A year on, families still search for missing Kiev protesters

Faina Taran holds a crumpled black-and-white picture of her son Ivan in her trembling hands as she tells what little she knows about how he disappeared a year ago.

Kiev: Faina Taran holds a crumpled black-and-white picture of her son Ivan in her trembling hands as she tells what little she knows about how he disappeared a year ago.

The security guard, 40, had left his hometown in western Ukraine and -- without telling his mother for fear of upsetting her -- headed to join the anti-government protests on Kiev`s Independence Square, or Maidan.

"The first I knew was when I got a call from his comrades telling me that my son had been on Maidan and that he had gone missing," Taran told AFP.

"I travelled to the square and people confirmed he`d been there and fought with the riot police on February 20. He ended up behind their lines and then he was gone."

A year after the bloody end of the protest movement in Kiev that toppled pro-Moscow president Viktor Yanukovych, Taran is still waiting desperately for any word of her son.

He is among a number of people who were believed to have gone missing from the sprawling Maidan protest camp in the heart of the Ukrainian capital and have not been heard from since. The final days of the protests were mired in bloodshed and chaos as security forces gunned down scores of protesters in what was then the worst unrest in Ukraine since independence in 1991.

Such is the confusion that surrounds the culmination of the revolt -- and the subsequent upheaval that has engulfed Ukraine -- that 12 months on there is still no clear number of how many demonstrators remain missing.

Two volunteer organisations have put together separate lists that put the figure of those not found at either 27 or 55.

Police say they are currently conducting criminal investigations into the disappearance of just eight people they are sure were on the square.

Diminutive post-graduate student Katya Melnik started collating figures on missing demonstrators as a volunteer during the protests.

By April she had over 100 names on her list but that number was gradually whittled down as people turned up at home or were discovered to have headed east to fight a pro-Russian rebellion.

But a stubborn small number of cases have remained unsolved and hope is wearing thin.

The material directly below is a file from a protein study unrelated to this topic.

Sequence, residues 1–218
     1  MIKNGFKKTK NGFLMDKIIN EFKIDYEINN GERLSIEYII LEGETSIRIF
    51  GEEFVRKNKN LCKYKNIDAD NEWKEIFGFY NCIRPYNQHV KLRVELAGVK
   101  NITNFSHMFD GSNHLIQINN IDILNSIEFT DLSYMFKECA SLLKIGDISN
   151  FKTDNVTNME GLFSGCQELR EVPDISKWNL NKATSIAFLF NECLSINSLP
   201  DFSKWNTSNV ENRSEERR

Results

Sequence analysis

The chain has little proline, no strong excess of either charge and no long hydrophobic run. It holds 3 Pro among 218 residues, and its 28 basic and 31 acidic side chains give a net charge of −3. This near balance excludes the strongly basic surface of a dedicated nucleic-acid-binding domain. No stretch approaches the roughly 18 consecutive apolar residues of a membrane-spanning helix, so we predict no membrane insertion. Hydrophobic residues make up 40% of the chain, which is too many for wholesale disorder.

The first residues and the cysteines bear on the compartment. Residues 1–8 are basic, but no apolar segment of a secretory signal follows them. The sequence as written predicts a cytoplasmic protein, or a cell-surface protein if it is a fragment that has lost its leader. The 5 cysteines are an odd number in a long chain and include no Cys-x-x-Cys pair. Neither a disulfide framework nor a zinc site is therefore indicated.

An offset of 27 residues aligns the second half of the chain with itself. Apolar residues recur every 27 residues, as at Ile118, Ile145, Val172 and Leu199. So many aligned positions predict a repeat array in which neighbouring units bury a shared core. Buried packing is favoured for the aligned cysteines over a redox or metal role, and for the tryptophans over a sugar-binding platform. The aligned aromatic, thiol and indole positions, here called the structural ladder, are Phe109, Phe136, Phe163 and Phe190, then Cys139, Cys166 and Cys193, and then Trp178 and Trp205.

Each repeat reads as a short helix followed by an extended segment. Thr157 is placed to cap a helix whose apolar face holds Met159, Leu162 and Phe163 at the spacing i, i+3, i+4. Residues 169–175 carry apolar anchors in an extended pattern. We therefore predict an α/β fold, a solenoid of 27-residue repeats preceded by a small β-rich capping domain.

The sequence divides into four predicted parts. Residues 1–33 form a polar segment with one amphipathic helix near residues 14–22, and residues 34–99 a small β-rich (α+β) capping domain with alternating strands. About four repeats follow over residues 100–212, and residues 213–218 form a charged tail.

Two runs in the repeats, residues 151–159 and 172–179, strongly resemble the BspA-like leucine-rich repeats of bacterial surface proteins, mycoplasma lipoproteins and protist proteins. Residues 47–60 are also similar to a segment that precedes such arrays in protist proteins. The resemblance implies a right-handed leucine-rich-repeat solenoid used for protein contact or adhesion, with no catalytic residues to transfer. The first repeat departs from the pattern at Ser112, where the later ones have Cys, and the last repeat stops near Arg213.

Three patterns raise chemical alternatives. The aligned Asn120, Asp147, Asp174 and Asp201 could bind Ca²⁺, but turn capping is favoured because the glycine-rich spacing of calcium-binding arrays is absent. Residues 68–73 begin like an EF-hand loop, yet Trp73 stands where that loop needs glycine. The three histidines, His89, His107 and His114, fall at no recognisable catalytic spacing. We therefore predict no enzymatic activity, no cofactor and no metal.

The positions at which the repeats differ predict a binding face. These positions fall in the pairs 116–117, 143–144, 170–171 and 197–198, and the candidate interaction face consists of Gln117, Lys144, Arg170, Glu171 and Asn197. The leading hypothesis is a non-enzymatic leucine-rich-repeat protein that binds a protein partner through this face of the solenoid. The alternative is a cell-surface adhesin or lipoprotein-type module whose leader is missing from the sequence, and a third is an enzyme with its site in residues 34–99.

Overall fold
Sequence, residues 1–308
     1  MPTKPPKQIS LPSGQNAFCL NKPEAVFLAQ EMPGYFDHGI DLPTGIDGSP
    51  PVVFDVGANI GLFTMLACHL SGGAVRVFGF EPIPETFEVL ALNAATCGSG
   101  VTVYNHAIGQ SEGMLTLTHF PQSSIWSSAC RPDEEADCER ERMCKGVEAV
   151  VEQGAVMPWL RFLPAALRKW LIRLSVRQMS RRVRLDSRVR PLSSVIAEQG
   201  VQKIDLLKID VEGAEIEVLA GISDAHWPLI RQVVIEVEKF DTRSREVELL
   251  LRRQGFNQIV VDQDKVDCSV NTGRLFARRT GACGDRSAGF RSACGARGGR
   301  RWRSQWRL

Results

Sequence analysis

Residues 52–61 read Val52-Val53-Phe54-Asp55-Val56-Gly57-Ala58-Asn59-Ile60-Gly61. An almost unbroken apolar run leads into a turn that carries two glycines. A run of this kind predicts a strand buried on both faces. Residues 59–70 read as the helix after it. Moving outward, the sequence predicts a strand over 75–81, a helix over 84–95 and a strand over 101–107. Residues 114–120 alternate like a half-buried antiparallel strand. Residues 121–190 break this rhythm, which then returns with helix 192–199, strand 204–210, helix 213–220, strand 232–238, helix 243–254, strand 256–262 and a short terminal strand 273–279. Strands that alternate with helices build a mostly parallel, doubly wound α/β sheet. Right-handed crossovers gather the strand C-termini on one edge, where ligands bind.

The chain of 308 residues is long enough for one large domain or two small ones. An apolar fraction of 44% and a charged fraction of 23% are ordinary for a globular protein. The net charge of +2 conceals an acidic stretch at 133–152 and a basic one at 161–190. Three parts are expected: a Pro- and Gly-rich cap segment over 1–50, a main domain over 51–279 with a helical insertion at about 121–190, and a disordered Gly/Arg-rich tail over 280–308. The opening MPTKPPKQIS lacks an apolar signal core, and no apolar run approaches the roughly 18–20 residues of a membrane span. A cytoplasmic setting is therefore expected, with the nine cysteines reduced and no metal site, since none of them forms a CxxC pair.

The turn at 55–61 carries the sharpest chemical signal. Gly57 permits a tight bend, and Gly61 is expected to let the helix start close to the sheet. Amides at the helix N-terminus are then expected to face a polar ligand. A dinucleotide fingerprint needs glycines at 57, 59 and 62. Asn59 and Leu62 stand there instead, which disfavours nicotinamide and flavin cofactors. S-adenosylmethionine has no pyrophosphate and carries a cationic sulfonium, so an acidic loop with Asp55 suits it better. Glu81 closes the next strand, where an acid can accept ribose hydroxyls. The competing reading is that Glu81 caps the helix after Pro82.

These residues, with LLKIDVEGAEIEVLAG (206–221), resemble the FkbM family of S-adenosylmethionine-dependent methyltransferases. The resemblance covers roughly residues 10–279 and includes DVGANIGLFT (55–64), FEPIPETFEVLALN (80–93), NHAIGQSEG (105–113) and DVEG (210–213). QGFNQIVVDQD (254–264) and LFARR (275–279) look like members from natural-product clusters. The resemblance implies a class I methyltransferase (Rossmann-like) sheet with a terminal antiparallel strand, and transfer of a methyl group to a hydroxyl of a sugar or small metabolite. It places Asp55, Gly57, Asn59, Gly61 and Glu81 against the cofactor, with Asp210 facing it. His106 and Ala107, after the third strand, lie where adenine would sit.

"Unfortunately it is possible that it will stay at this number of people and that will be it," said Melnik, of volunteer group Euromaidan SOS.

"In normal circumstances, if you don`t find someone in three days then you won`t find them at all or you`ll only find a body."

Speculation over what could have happened to those who are genuinely missing usually focuses on Ukraine`s security forces.

Throughout the months of demonstrations in Kiev activists documented the abduction and abuse of protesters by the authorities.

In a report released Wednesday, Amnesty International detailed 11 cases of protesters being detained and beaten by security officials that it said were only a "tiny sample" of the abuses committed.

Officials have been heavily criticised for the failure to hold those responsible for the bloodshed on Maidan accountable, with activists saying they are deliberately dragging their heels.

Only two low-ranking former riot police are currently awaiting trial over the deaths of demonstrators. Police investigator Roman Krilevich says that the search for those who disappeared is complex.

First police have to sieve through the hearsay to figure out if someone reported as missing really was on the square, then they struggle to obtain accurate information.

"The majority of people who were there didn`t give out their real personal details for fear that they might be prosecuted," Krilevich said. "That makes it problematic."

He says some of those who are thought to be missing might simply not want to be found, including those with a criminal record or people who had conflicts with their families.

All the bodies that were found on Maidan have been identified, he said.

For the families who cannot find their loved ones the main hope is to end the months of painful limbo.

Faina Taran says she believes now that her son was killed after being captured.

"My mother`s instinct tells me that he is not alive anymore," she says, tears welling up in her eyes.

Now she says she is desperate for the police to just find any trace of Ivan.

"I want to know what happened to him so much. If he is alive or dead, I just want to find him -- wherever he is."  

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